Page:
Dr. John Harley, in the Gulstonian lectures of three decades ago, discussed four vegetable neurotics which have occupied an important place in materia medica for more than twenty centuries, These drugs were conium, opium, belladonna, and hyoscyamus. To these might justly be added aconite and mandragora. These remedies have maintained practically their present positions since the renaissance of medicine. Aconite was very early employed by the monks in the treatment of fever, since under the canon law of the church they were forbidden to shed blood unless by special dispensation Consequently, around the ruins of the old monasteries are to be found wild plants of aconite, originally employed for medicine, and not for poison, as is usually, but uncharitably, believed.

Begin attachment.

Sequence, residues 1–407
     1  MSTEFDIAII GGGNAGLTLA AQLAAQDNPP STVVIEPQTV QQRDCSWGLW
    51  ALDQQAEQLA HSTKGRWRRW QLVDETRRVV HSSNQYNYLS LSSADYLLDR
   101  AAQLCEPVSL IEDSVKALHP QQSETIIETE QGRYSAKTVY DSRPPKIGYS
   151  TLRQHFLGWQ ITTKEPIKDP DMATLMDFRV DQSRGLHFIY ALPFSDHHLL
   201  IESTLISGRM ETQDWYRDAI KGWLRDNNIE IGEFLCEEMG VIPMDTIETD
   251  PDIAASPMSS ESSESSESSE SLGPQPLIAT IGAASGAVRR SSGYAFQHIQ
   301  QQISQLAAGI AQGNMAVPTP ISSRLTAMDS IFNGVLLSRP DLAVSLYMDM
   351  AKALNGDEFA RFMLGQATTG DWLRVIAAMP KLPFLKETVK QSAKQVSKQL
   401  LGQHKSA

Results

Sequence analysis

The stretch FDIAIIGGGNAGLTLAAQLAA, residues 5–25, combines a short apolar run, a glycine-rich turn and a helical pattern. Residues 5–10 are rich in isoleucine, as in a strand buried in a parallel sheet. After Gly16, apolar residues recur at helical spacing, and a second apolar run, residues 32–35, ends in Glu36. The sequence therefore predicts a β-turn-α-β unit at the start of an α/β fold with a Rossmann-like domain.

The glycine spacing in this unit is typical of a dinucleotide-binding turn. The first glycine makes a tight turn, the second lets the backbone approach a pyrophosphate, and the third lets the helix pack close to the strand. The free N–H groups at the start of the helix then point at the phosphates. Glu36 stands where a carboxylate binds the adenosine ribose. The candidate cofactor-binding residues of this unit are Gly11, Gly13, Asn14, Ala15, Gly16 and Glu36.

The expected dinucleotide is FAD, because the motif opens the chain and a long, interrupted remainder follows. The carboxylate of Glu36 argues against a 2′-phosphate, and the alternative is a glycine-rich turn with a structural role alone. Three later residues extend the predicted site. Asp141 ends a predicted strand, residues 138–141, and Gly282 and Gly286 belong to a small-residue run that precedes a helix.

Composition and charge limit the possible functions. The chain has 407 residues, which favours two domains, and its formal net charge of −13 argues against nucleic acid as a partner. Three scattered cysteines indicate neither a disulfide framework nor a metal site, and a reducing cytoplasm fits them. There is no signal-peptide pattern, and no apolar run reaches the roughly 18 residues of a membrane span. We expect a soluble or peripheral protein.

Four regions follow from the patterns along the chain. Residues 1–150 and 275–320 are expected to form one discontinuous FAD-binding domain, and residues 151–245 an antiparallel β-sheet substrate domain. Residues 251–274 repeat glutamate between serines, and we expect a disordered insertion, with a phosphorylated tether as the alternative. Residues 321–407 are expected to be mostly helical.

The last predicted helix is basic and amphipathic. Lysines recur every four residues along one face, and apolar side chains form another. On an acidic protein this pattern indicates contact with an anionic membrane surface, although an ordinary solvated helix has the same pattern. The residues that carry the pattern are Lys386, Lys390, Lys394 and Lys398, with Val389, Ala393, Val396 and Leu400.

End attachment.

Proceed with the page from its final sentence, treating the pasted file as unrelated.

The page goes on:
Of these vegetable neurotics, the one most abused has undoubtedly been opium, its chief alkaloid having produced more misery, though it has relieved more suffering, than any other agent in